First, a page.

apt-get install kismet
If you'd like the newest version, it will require several dependencies to be updated beyond what they are in the Kali repo as well (such as libpcap). To try downloading the newest version, you can run the following in terminal.
git clone https://github.com/kismetwireless/kismet.git
git clone https://github.com/the-tcpdump-group/libpcap.git
sudo apt-get install screen gpsd ncurses-dev libpcap-dev tcpdump libmicrohttpd-dev flex byacc
sudo make install
sudo make install
The new version got stuck on a lot of dependencies for me, but I added everything my Kali Pi needed to update in the example above. If you get stuck on any dependencies, use the apt-get workaround for now. Just type apt-get install and then the name of any dependencies required to try installing them.
Plug in your USB GPS dongle, then type lsusb to show a list of attached USB devices. You should see something like:
Bus 001 Device 006: ID 067b:2303 Prolific Technology, Inc. PL2303 Serial Port
If you see that, your GPS unit is being detected. To find the name of the GPS path, type:
dmesg | grep tty
You should see your device as something like "ttyUSB0." This is the name we'll use to start it in the next command. Let's start and test our GPS by typing:
If you're successful, you should see a GPS fix in a few seconds.
Log into your Kali Pi via SSH. If you need help with this, we cover it in my previous Kali Pi tutorial.
When you are connected via SSH, run ifconfig to take note of the name of your attack antenna, which is usually wlan1. The Raspberry Pi's internal antenna is usually wlan0, but this can sometimes change. Take note of the IP address you are connected to via SSH and make sure you're tethered through the Pi's internal antenna, otherwise you'll lose your link as soon as Kismet starts on the wrong antenna.
Once you know your attack antenna's name, start GPSD and Kismet by typing:
Kismet should open and ask you some configuration questions. You can tab through the fields and ignore everything until the window pops up asking you to add an interface. When prompted, add your attack antenna name to the "interface" field.
After adding the interface, press tab until you get to the "add" option and then press return. The console should show the main screen. Tab through until you reach the option to close the screen, and you'll be switched to the main overview seen below. You should see two critical things — networks being detected and GPS data being logged.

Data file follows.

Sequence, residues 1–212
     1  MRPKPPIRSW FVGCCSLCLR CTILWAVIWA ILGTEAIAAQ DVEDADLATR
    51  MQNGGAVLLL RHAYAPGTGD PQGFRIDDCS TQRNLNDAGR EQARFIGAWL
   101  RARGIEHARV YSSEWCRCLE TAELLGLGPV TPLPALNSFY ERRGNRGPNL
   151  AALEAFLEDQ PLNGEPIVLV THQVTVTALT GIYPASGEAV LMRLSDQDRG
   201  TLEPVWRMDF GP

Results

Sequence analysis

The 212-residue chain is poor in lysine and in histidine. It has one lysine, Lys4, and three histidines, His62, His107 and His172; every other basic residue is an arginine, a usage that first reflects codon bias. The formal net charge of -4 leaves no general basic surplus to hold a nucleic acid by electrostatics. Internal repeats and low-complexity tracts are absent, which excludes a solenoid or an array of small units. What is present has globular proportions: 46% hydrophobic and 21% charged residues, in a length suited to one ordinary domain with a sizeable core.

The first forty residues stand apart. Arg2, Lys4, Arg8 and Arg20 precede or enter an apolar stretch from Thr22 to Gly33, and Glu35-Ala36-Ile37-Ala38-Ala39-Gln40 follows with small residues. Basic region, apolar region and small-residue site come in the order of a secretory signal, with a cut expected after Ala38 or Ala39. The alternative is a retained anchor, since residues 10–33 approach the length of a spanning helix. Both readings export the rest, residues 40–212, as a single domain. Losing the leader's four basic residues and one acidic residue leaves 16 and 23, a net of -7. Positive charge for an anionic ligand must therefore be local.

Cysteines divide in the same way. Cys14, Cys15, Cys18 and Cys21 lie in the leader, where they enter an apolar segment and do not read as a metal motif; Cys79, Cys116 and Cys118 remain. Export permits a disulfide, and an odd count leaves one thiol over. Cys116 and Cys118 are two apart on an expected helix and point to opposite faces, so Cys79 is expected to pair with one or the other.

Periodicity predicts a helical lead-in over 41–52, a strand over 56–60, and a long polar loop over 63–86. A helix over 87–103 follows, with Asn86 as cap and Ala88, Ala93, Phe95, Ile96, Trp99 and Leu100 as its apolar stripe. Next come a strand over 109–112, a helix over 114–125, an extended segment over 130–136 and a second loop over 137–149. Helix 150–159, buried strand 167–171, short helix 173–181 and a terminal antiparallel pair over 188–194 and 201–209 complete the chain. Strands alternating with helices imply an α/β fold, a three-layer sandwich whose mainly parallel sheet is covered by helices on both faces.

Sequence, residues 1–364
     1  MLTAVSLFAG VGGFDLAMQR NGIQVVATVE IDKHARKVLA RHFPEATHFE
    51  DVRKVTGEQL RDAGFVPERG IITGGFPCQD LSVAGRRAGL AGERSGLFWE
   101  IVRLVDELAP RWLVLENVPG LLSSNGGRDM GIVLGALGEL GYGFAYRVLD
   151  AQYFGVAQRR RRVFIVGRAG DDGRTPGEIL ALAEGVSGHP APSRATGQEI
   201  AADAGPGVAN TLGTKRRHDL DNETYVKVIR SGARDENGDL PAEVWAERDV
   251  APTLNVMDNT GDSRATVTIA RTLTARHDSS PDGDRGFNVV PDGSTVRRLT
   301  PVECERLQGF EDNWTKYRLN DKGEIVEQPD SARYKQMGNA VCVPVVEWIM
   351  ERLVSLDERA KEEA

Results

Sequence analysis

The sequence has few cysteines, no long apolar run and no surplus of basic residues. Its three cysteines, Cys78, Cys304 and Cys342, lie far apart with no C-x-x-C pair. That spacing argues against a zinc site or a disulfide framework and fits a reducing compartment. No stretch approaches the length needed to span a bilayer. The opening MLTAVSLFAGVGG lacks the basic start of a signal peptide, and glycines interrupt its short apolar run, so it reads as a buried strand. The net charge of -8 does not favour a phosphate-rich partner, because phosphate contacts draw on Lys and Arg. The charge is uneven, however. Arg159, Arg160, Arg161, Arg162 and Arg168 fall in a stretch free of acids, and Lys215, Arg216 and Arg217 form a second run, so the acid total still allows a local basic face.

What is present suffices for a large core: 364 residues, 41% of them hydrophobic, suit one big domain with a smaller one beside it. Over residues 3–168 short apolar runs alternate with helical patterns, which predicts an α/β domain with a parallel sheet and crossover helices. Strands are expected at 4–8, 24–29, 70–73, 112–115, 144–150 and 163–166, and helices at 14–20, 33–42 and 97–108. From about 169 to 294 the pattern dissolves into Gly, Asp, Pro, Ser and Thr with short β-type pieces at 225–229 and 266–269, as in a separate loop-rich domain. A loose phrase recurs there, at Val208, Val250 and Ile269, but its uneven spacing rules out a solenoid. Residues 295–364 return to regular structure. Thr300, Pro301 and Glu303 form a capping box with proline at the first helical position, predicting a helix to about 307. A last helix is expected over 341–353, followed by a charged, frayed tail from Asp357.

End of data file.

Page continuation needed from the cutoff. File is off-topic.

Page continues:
When you are done recording, press Ctrl-C to shut down the Kismet server. Now, you should see a log in your root directory called "kismet" and then a timestamp. This is a log of the Wi-Fi and GPS data you collected.
Running GPSD and Kismet at the same time requires us to do two things at once — something difficult to do via SSH. To manage this, we will install screen to create separate "screen" sessions we can switch back to, or even disconnect and reconnect to later. This lets us start a process, disconnect, and then return and reattach to it later, which is great if we are disconnected by accident or need to do more than one thing.
To install screen, type:
apt-get install screen
To use screen during an ssh session, type:
A splash screen will explain the functions; press any key to go through. To disconnect from a screen session, you'll press Ctrl-A and then D. To list all available screen sessions, type screen -list. To reconnect, just type screen -r.
Great! Now we'll combine all these things for our wireless recon command.
From your phone or PC, SSH into your Kali Pi and start a screen session by typing screen. In this session, we'll start GPSD and Kismet.
Once we enter our attack antenna into Kismet and we see the startup was successful, hitting Ctrl-A then D will disconnect the screen session. You can rejoin it at any time by logging into the Pi and typing:
Reconnecting, you should see something like this:
With Kismet running in a screen session, disconnect from the Pi and focus on getting as much access as possible while Kismet records wireless traffic. When you're done, reconnect to the Kali Pi and reconnect to the screen session with screen -r. End the session by hitting Ctrl-C to shut down the server.
When you're done with a run, there are two ways to interpret the data. To upload the data to Wigle Wi-Fi, simply go to Wigle.net, sign up for an account or log in, and upload the .xml file Kismet created to the "uploads" section. As soon as the data is done being converted, you can query and view your data run.
To interpret the data yourself, you can convert it to a Google Maps-compatible .kml file with GISKismet. To do so, get GISKismet and create a .db file with:
apt-get install giskismet
giskismet -x (the path of your kismet .xml file here)
giskismet -q "select * from wireless" -o output_all.kml
This should produce a KML file you can open in Google Earth.
Using a hotspot to tether your device will pollute your results with that SSID showing up everywhere. Using screen and turning off your hotspot until you need to reconnect will avoid this. If your Pi dies while writing Kismet data to root, it will very likely corrupt the OS and need to go Fsck itself before it can be used autonomously again. Make sure to shut down your Pi, or have a "safe kill" USB Rubber Ducky to properly shut down your Pi after a recon run if you can't log in via SSH.